January 7, 2022
PAR-22-093, Research on Current Topics in Alzheimer's Disease and Its Related Dementias (R01 Clinical Trial Optional)
National Institute on Aging (NIA)
This Notice of Special Interest (NOSI) is aimed at improving our understanding of how age-associated metabolic changes in peripheral tissues or in the brain affect the onset and/or progression of Alzheimer’s disease (AD).
Changes in metabolism and mitochondrial function have been identified as hallmarks of the aging process. Since aging is the greatest risk factor for the development of AD and other neurodegenerative conditions, it is reasonable to posit that age-associated changes in metabolism play a major role in the onset or progression of these diseases. Consistent with this notion is the fact that the brain consumes 25% of the body’s glucose, of which 80% is metabolized via oxidative phosphorylation in the mitochondria. Glucose metabolism includes uptake controlled by insulin and the insulin signaling pathways, glucose transporter (GLUT)-dependent brain glucose uptake and the glycolytic pathway, and ultimate ATP generation in the mitochondria. As the primary fuel for neurons and glial cells, glucose usage is critical for brain function, and micro-positron emission tomography (PET) scanning studies have shown a significant decline in glucose uptake in aging brains of rodent models that show neuronal loss, impaired cognition and memory, and an increased risk for neurodegenerative disorders. Normal brain aging is associated with reduced insulin signaling, while activation of the AKT pathway is thought to promote glucose metabolism, neuronal survival, and synaptic plasticity, whereas reduced AKT activity has been implicated as a possible mechanism accounting for high GSK3beta activity and tau hyperphosphorylation. Consistent with these results in animal models, clinical studies have demonstrated hyperphosphorylation of tau protein in individuals with AD and type 2 diabetes mellitus (T2DM), a known risk factor for AD.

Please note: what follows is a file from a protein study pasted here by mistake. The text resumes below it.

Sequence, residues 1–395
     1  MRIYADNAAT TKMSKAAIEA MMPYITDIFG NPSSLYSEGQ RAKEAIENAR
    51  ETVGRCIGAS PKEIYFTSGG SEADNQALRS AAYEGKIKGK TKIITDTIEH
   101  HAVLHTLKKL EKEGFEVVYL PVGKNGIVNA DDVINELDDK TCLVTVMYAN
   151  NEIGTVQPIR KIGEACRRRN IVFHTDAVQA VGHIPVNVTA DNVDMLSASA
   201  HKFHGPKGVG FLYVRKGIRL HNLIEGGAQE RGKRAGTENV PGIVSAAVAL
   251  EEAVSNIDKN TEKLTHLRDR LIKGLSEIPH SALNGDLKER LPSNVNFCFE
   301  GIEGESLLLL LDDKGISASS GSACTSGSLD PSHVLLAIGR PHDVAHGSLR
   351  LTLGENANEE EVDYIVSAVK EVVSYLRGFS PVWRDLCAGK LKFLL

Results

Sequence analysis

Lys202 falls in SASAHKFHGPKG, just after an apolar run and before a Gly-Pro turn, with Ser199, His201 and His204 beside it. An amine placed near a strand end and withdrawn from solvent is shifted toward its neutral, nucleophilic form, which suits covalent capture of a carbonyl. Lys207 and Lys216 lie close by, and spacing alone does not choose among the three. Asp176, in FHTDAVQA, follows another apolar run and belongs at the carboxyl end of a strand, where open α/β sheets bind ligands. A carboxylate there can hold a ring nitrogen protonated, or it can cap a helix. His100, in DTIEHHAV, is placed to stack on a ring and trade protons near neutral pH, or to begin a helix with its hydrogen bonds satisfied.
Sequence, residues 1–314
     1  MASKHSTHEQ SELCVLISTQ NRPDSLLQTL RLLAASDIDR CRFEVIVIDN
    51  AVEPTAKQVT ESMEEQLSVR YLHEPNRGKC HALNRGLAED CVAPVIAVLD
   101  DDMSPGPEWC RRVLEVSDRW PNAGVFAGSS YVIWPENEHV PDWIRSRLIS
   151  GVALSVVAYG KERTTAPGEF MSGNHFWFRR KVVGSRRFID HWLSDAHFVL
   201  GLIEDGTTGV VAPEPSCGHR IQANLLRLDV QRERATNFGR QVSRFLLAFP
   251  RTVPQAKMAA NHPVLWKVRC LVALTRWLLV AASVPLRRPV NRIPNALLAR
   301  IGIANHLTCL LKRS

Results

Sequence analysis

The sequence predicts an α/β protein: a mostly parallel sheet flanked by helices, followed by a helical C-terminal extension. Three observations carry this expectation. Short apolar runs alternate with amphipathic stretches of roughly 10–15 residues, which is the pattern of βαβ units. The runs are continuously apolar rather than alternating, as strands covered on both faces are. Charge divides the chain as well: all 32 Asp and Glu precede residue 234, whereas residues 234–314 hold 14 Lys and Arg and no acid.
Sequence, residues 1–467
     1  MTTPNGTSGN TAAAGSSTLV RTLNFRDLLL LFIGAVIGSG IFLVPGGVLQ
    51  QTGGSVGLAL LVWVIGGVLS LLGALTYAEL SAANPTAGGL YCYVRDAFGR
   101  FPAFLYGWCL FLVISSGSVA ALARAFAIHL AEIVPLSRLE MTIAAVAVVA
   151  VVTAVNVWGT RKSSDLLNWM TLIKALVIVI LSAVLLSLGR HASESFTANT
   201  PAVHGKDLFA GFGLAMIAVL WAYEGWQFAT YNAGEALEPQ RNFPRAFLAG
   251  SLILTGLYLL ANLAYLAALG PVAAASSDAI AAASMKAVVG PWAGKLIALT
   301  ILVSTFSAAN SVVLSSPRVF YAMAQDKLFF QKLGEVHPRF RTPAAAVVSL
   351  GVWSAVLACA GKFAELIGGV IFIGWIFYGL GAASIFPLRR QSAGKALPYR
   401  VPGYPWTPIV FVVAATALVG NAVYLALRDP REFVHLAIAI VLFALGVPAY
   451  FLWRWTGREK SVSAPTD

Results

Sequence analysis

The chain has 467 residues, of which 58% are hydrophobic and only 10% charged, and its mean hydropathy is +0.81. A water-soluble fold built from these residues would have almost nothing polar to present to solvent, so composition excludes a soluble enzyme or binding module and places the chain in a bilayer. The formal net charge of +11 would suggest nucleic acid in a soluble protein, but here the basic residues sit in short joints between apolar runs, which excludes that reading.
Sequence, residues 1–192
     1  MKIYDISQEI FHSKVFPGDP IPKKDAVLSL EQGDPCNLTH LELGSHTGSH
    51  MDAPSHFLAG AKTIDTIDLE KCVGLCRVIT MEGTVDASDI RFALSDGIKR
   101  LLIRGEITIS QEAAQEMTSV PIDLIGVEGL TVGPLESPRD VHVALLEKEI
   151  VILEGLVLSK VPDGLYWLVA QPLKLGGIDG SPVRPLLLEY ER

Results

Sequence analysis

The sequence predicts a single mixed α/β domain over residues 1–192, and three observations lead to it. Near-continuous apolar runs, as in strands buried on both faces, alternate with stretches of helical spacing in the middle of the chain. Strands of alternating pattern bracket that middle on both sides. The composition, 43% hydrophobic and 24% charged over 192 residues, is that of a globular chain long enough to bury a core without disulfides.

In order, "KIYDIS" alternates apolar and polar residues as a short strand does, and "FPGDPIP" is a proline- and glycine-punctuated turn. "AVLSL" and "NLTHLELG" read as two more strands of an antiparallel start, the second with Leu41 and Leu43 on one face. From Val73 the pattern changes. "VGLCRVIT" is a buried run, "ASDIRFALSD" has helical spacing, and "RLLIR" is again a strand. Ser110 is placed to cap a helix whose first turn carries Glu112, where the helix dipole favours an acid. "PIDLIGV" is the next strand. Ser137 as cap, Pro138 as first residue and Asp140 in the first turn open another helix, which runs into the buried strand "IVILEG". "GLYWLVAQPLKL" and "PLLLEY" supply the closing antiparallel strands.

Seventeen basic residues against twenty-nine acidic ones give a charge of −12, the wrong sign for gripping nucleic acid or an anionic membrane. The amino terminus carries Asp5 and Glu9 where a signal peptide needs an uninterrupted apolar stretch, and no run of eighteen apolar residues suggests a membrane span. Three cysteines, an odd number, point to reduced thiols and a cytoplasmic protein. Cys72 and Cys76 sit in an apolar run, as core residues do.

Glucose is metabolized via oxidative phosphorylation in the mitochondria, and there is extensive literature describing changes in mitochondrial biogenesis, function, turnover, efficiency of ATP production, and release of free radicals during aging. More recently, free radicals generated in the mitochondria and other so-called mitokines have been shown to act as signaling molecules cell-autonomously or cell non-autonomously. These wide-ranging, age-related metabolic changes are likely to affect AD etiology, and require further investigation.
In addition to age-related changes in insulin signaling and glucose handling, other changes in metabolism that occur with age include a massive change in lipid metabolism. Considering the high lipid content of myelin sheaths in the brain, these changes are likely to impact connectivity and other crucial neuronal functions, thereby possibly affecting the development of neurodegenerative conditions, including AD. Thus, it is highly likely that identifying the precise molecular and cellular mechanisms involved in these processes will provide important therapeutic targets.
The goal of this NOSI is to encourage research projects focused on the impact of changes in metabolism that occur with aging and their possible role in AD onset, pathogenesis, and progression. Under this overarching goal, the following topics illustrate the areas of research that are encouraged:
NIA views this topic as highly interdisciplinary and encourages researchers who have expertise in metabolic regulation and aging to collaborate with AD researchers in order to identify critical links between metabolic modulation and AD pathogenesis and/or progression.
Application and Submission Information
This notice applies to due dates on or after March 11, 2022 and subsequent receipt dates through November 13, 2024.
Submit applications for this initiative using the following funding opportunity announcement (FOA) or any reissues of the announcement through the expiration date of this notice.
All instructions in the SF424 (R&R) Application Guide and the funding opportunity announcement used for submission must be followed, with the following additions:
Applications nonresponsive to terms of this NOSI will not be considered for the NOSI initiative.
Yih-Woei Fridell, Ph.D.
National Institute on Aging (NIA)